Select Move to rearrange individual trees or branches. A branch/tree to
be moved begins with the current item and contains all items included
in subsequent branching. Four Move types are permitted:

1) Move the entire branch/tree by choosing its new attachment point
(new parent item). Utilize normal key controls (direction keys, Find,
Path, etc.) to position this destination item as a temporary current
item. Only items which do not violate the defined levels of hierarchy
will be named as a valid attachment item. Choose "P" for Proceed or "C"
for Cancel or SPACEBAR to toggle between the options. Press ENTER to

2) Detach an entire branch and make it a separate tree by using
. The branch attached begins with the current item as indicated
after the phrase "Move :" and is not influenced by any destination
items that may have been positioned before deciding to detach. Trees
are always placed below the last tree added or detached.

3) Reposition the branch beginning with the current item to the bottom
of the group (under the parent item) by positioning the parent item as
a destination item. The phrase "< SUBITEM AT END >" appears. Select
Proceed to execute.


4) Reposition the tree beginning with the current (root) item to the
lowest tree in the database by utilizing as in Move #2 above.

** Delete **

Use Delete to remove individual items or branches/trees from the
database, starting with the current item. Once deleted, items and their
respective note fields cannot be recalled by the program, although the
author may be able to help if contacted shortly thereafter.

** Category **

The Category section is used to define the set-up structure for the
database. This is done first by assigning a name to a category and then
by assigning it a relative position in the hierarchy among all

After selecting Category on the menu, the set-up screen appears.
Categories may be added by pressing F1 or be renamed/repositioned by
entering the upper-case letter corresponding to the appropriate name
listed in the category table in the upper part of the screen. Refer to
message bar on the bottom of screen as a guide when on the Category
screen. After entering a category name, which can be up to 12
characters in length, the program will prompt for a "hierarchy number".
That is, namely, a number from 1 to 99, which serves a purpose none
other than to preserve the relative order among the categories. Using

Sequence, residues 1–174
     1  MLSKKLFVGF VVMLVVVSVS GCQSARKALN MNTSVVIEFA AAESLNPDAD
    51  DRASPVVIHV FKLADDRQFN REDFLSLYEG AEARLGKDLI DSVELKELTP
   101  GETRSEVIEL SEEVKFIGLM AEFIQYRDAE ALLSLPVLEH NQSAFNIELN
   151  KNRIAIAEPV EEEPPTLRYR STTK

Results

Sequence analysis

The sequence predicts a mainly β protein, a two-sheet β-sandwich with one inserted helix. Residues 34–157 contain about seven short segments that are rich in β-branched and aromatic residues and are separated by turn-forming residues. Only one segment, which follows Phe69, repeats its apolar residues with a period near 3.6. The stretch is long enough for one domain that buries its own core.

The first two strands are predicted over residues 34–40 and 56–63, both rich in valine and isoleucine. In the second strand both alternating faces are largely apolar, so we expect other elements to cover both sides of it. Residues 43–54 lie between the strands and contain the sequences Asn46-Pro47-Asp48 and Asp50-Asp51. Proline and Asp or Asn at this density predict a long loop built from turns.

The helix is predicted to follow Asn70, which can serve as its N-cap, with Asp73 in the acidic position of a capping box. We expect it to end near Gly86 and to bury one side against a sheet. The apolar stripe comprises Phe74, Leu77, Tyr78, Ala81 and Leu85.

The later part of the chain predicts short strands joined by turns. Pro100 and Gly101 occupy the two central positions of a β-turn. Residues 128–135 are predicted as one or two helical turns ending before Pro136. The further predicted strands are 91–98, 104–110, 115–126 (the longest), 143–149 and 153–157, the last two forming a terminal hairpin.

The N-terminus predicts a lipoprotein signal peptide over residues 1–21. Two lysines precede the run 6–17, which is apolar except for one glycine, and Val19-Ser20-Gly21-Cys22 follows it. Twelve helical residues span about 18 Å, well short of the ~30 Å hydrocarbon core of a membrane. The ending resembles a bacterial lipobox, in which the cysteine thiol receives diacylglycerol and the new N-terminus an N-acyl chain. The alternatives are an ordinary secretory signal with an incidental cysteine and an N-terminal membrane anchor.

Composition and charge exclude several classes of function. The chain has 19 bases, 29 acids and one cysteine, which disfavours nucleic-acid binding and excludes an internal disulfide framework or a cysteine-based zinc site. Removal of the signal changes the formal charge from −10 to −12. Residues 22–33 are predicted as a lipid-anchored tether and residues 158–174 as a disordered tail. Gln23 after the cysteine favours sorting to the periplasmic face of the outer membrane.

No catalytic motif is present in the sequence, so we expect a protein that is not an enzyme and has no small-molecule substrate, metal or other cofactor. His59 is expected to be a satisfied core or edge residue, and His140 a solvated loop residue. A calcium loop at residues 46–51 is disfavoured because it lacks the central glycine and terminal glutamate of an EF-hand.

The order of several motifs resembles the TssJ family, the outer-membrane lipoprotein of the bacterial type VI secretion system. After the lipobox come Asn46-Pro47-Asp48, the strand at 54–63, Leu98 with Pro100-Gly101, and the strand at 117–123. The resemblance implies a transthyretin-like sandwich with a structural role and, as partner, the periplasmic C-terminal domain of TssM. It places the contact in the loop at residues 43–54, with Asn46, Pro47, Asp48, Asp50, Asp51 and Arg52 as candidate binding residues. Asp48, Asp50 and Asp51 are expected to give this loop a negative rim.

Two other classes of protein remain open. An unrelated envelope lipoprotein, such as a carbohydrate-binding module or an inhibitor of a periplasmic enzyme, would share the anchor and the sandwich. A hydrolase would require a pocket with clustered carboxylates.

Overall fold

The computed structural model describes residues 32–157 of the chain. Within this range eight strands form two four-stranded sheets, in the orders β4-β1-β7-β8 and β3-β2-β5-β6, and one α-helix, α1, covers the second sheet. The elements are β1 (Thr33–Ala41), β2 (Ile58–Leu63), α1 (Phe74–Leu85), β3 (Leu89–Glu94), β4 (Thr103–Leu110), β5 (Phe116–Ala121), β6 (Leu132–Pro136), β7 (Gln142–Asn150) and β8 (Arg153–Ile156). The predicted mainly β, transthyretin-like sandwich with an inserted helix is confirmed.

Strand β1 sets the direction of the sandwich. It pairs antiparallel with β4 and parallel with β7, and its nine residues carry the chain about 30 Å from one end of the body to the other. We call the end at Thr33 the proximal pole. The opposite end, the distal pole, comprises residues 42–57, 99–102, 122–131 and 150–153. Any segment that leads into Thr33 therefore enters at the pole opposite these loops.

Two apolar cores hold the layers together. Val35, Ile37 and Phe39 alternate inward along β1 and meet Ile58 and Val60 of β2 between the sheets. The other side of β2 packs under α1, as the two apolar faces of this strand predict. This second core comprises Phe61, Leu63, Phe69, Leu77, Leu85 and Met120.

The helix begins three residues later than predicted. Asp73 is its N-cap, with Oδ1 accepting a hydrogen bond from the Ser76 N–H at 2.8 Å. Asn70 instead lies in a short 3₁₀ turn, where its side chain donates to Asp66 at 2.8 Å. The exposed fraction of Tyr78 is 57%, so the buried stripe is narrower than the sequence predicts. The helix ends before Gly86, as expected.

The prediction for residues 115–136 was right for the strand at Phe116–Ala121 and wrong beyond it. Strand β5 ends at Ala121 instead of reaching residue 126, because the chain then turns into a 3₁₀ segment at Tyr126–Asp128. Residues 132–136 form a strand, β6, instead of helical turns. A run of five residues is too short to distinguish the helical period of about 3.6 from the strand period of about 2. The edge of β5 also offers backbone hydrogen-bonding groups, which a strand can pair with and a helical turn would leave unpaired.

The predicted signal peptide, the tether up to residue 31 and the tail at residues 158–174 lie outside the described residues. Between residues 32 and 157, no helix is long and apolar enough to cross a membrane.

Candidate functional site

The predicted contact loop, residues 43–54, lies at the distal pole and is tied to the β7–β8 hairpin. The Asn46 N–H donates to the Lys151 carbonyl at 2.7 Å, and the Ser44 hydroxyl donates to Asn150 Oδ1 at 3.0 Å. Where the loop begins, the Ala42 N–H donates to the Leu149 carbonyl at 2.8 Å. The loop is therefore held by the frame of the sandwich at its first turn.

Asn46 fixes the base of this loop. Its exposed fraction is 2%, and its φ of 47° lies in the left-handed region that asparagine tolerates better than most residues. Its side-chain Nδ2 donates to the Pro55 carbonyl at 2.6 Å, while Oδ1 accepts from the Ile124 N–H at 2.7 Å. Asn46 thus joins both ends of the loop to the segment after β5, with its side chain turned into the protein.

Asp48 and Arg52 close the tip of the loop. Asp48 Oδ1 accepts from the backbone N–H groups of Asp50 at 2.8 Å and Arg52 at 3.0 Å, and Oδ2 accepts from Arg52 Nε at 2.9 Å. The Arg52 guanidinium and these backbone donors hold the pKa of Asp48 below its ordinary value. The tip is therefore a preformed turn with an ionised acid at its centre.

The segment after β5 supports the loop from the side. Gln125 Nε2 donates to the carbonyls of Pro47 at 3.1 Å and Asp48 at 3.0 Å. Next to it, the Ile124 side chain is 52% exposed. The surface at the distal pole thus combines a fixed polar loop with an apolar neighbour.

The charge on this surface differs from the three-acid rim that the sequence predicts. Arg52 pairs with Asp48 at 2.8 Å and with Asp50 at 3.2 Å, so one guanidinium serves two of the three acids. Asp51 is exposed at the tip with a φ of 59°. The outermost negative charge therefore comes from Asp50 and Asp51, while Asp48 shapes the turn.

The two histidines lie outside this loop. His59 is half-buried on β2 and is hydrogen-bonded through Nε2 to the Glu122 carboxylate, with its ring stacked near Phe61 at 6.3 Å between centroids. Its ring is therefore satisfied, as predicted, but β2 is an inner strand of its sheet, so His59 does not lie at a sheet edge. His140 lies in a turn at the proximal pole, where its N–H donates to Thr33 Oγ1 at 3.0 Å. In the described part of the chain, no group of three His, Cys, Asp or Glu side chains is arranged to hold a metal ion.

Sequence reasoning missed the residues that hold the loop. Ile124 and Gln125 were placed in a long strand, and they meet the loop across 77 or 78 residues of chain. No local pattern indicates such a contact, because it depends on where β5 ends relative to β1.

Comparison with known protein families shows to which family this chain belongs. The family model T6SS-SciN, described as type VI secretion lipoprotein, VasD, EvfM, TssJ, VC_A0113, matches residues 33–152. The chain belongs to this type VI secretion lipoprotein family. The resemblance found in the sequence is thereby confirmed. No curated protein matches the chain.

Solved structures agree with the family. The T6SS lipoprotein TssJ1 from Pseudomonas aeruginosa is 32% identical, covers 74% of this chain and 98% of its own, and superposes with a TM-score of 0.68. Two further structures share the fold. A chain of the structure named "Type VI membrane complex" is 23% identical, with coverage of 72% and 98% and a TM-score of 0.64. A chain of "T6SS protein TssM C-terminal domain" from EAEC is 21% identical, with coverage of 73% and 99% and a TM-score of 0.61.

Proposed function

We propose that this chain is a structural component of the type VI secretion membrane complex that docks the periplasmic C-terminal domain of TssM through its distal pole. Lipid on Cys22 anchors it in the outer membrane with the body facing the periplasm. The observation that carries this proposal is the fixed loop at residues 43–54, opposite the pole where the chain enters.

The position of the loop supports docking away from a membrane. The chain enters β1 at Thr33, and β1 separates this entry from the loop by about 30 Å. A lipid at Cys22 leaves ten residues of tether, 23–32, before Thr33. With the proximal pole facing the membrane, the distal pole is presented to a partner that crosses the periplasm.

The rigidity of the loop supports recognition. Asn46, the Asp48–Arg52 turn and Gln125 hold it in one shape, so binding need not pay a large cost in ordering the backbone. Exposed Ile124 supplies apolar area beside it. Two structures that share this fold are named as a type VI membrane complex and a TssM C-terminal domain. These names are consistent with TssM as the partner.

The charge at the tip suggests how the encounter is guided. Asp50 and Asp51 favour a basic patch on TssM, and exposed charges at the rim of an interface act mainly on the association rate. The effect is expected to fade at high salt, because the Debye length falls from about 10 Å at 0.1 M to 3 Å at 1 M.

this convention, added or repositioned categories can be inserted into
their proper place in the hierarchy without having to reenter them all
in the proper order. Placing an intended category between one higher
and one lower in the table simply amounts to assigning a number in
between the hierarchy levels of the one higher and the one lower. The
categories always appear in their proper hierarchy in the order from
highest level (lowest number) to lowest level (highest number). This is
the same order as depicted when adding items to the database.

Colors used to code data items to their proper categories in the view
window can be set or changed by entering the lower-case letter
corresponding to the appropriate pre-existing category in the table.
The colorval number for foreground may be from 0 to 31; the number for
background from 0 to 7. Numbers are used to represent the following
standard colors: 0, black; 1, blue; 2, green; 3, cyan; 4, red; 5,
magenta; 6, brown/yellow; 7, white; 8, gray; (1 to 7) + 8, bright
version of color; 16, black; (1 to 15) + 16, flashing version of color.

** Find **

Use to execute. After the phrase "Find What :", you may enter
all or part of an item name (search expression). ENTER alone cancels.
All items which contain the search expression will be found. To
restrict the search to the beginning of words, enter a space before the
search expression. If found, accepting the item makes it the new
current item, while continuing the search will find the next applicable
item. You can use within Find to specify a new search.


** Path **

Selecting Path on the main screen menu or by pressing will
display the current location in the tree, beginning with the root item
at the top on downward to the current item. Items are displayed with